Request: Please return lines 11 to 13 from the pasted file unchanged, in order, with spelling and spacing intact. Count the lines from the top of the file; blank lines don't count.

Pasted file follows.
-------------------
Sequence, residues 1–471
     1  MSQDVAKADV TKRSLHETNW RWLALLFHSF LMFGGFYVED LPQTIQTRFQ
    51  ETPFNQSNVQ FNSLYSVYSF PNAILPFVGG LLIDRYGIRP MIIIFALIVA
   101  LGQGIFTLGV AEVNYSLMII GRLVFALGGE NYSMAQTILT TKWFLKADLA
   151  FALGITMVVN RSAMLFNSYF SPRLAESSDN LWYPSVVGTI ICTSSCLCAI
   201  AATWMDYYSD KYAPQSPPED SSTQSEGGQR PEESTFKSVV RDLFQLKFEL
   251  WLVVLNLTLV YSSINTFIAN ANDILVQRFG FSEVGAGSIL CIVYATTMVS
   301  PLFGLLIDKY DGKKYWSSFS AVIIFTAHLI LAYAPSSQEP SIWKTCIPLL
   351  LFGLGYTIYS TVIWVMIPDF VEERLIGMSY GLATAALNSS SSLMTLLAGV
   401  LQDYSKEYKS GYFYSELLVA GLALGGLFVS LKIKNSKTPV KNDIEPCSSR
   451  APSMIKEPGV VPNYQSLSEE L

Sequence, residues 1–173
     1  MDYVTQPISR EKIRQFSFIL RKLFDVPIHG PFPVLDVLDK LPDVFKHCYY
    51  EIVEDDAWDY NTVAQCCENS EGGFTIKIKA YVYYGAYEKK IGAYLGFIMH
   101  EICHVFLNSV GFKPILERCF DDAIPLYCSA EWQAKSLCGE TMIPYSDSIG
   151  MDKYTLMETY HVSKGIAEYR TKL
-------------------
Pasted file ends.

   451  APSMIKEPGV VPNYQSLSEE L

Sequence, residues 1–173
     1  MDYVTQPISR EKIRQFSFIL RKLFDVPIHG PFPVLDVLDK LPDVFKHCYY